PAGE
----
Southern Exposure 2012 promises excitement

02/24/2012 09:53:00 AM
Doug Ohlemeier

Exposition changes should help sellers meet more buyers during Southern Exposure 2012. In its ninth year, the Southeast Produce Council’s retail and foodservice conference and exposition, scheduled for March 1-3 at Florida’s Tampa Convention Center, promises to attract even more retail produce buyers, foodservice buyers, produce procurers, growers, packers, shippers, brokers, marketers and other allied industry people.

"Hollywood’s Golden Era" is the theme of this year’s show.

Show-goers plan to don movie star garb during the show’s March 2 opening gala party and exhibitors should design their booths with Hollywood themes. Other than that, show visitors should expect to see some small changes that sponsors hope could increase interaction between grower-shippers and produce buyers.

The March 3 expo features more exhibitors and 90 minutes of additional expo floor time. The council increased the show’s number of booths to 240.

As preregistrations in February were running high, organizers expect another year of high turnout of buyers.

Terry Vorhees, executive director of the East Ellijay, Ga.-based council, said as of mid-February 260 retail and foodservice buyers registered for the show. That’s as strong as the 267 who registered at the same time last year ahead of last year’s show. Up to 280 buyers participated last year and Vorhees said he expects this year’s event to attract as many if not more.

"This show has been a big success for the council," Vorhees said. "We owe a lot of the success of this thing to the members and the people serving on the committees, making sure they reach out to their contacts.

"Our goal every year is to get previous year’s attendees to return but also to reach out to people who haven’t been here. Every year we’ve been fortunate to be able to do that by getting five to six companies to come for the first time. If we can get them there once, they will see the quality of the show and hopefully come back and bring others with them."

Last year’s extravaganza attracted a record 1,403 participants, higher than the 1,300 who traveled to Tampa in 2010.

As of mid-February, 1,354 preregistered, up from the 1,340 preregistrations the show received at the same time in 2011.

"This shows that the retailers, the buyers and the directors and vice presidents of produce, they see a value out of being at this show," Vorhees said. "It also shows me that when we first started in 2004, we were pulling strictly Southeastern and regional grocery chains. Today, they come from Canada, California and Texas. We are a regional council and show, but we have been fortunate enough to pull attendance nationally."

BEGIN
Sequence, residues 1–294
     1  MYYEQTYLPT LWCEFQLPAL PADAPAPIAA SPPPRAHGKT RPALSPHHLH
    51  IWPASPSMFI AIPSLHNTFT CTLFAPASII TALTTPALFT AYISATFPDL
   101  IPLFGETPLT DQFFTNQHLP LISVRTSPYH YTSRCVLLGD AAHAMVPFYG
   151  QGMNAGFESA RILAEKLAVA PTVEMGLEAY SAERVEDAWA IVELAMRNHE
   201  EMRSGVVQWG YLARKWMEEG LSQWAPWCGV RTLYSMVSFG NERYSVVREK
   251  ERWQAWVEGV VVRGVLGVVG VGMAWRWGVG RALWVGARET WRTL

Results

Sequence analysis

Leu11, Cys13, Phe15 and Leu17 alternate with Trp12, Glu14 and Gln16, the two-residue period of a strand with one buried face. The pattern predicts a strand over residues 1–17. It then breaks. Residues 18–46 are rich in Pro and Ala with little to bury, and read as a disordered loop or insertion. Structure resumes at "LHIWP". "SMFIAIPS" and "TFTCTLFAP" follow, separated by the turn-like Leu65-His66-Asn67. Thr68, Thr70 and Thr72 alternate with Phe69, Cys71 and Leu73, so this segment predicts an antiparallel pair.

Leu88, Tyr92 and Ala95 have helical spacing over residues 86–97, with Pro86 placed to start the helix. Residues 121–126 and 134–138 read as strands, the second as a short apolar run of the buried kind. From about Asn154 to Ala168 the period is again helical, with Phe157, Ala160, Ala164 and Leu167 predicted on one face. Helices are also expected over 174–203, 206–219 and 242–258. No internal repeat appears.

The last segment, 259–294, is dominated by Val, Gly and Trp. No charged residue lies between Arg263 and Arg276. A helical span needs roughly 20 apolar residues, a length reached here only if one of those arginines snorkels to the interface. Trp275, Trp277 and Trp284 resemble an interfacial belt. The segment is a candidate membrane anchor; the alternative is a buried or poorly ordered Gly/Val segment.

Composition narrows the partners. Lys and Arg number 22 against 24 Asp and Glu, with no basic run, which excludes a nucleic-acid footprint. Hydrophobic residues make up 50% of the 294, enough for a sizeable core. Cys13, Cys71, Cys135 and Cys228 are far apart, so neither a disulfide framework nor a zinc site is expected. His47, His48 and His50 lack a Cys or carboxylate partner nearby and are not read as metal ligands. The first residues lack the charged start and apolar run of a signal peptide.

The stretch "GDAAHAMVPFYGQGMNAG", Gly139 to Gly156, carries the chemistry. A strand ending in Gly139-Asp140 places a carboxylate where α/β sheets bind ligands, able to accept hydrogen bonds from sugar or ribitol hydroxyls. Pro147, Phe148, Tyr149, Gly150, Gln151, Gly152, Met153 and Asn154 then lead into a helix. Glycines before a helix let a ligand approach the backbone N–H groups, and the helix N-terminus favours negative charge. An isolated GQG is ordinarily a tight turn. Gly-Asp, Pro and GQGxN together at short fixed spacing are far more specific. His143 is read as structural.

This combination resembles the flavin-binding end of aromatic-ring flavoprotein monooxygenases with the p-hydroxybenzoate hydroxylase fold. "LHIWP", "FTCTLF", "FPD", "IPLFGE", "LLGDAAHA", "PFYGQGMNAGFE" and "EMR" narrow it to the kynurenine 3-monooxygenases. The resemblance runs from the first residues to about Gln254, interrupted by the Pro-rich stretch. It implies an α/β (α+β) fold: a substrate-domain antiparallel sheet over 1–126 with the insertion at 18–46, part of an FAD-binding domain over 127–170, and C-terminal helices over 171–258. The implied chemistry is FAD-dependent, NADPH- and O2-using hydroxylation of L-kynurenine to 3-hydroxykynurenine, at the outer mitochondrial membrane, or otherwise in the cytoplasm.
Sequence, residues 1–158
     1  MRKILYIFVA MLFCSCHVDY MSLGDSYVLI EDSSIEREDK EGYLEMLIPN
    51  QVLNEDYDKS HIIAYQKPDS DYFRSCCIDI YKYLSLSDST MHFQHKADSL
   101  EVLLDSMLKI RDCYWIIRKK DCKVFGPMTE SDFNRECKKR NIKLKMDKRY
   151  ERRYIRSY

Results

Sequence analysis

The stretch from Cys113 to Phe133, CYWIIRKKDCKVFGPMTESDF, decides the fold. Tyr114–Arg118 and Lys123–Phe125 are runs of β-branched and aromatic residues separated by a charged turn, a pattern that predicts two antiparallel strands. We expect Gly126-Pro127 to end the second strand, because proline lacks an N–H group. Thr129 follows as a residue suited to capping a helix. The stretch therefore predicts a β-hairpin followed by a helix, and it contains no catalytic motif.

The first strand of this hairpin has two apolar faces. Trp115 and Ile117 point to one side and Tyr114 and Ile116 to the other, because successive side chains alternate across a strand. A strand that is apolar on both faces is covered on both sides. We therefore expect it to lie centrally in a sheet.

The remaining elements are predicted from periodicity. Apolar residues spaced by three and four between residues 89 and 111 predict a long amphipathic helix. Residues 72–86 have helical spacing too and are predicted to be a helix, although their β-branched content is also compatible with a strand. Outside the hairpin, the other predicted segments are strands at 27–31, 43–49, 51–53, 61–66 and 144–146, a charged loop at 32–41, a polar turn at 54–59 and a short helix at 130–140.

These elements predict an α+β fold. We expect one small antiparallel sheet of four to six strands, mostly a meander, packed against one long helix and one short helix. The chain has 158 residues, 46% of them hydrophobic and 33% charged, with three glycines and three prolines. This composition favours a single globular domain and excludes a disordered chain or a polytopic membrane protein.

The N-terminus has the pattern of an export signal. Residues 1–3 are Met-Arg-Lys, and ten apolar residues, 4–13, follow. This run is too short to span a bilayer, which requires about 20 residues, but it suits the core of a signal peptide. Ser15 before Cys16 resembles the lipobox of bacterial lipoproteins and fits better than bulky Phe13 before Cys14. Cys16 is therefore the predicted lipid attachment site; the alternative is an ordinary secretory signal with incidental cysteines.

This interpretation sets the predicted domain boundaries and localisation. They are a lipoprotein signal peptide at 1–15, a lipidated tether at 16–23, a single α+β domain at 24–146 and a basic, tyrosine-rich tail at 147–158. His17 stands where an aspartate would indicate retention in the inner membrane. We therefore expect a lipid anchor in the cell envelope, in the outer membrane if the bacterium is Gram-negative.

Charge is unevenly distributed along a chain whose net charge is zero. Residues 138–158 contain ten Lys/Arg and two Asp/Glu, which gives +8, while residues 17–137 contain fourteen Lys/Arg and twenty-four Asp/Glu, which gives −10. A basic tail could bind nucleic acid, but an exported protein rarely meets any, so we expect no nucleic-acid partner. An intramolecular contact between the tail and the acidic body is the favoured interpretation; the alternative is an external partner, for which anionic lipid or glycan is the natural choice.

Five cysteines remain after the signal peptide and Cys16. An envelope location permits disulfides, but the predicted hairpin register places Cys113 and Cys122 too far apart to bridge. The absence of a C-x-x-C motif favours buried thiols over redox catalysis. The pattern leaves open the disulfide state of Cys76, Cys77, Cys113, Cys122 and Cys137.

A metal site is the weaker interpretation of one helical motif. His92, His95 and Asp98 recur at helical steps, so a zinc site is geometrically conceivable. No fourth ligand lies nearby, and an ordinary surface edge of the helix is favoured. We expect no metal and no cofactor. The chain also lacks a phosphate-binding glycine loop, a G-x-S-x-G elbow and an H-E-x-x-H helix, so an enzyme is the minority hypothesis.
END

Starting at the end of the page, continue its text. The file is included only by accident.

As preregistrations for nonretail and foodservice buyer attendees closed in mid-February, Vorhees said the council accepts buyer registrations up to March 1.

The event is scheduled to unofficially begin on March 1 with a pre-show golf tournament at the Lake Jovita Golf Club in Dade City north of Tampa. The sold-out tournament includes an evening awards dinner.

On March 2, educational field tours mark the conference’s official start.

Busloads of retail and foodservice participants are scheduled to visit Coral Gables, Fla.-based Del Monte Fresh Produce NA Inc.’s Port of Manatee import operations and Plant City, Fla.-based Wish Farms’ strawberry and vegetable growing and shipping operations in eastern Hillsborough County.

The council welcomes participants through its March 2 Hollywood-themed evening gala opening party in the Grand Ballroom of the Tampa Marriott Waterside Hotel & Marina.

Two March 3 morning educational sessions at the Tampa Convention Center are planned to cover produce traceability and how food bloggers are influencing produce consumers.

After the sessions, Florida Agriculture Commissioner Adam Putnam is scheduled to deliver the conference’s March 3 keynote address during the event’s brunch.

The expo opens at noon and closes at 6 p.m., in time for the closing evening reception on the Marriott’s waterside patio.

Unlike the opening gala, which features the big Hollywood costume theme, singing by a Frank Sinatra imitator and a deejay hosting a dance to the sounds of classic rock music, the March 3 closing reception also features musical entertainment but should offer a more relaxed atmosphere, Vorhees said. Both receptions require special tickets.

Vorhees said he expects this year’s opening gala party to surpass last year’s 800 participants.

This year, the Hyatt Regency Tampa joins the show’s other official hotels, the Tampa Marriott Waterside and the Embassy Suites Tampa-Downtown Convention Center.

Vorhees said the Hyatt is a short walk up the street from the other two hotels, which are across the street from the convention center’s entrance.

"We try to do as much as we can to make sure our retail and foodservice attendees are staying in the conference hotels," Vorhees said. "Tampa is a great venue for our show. You have the convention center with all the hotels. People say flying to Tampa is easy and not far from the airport to downtown Tampa."



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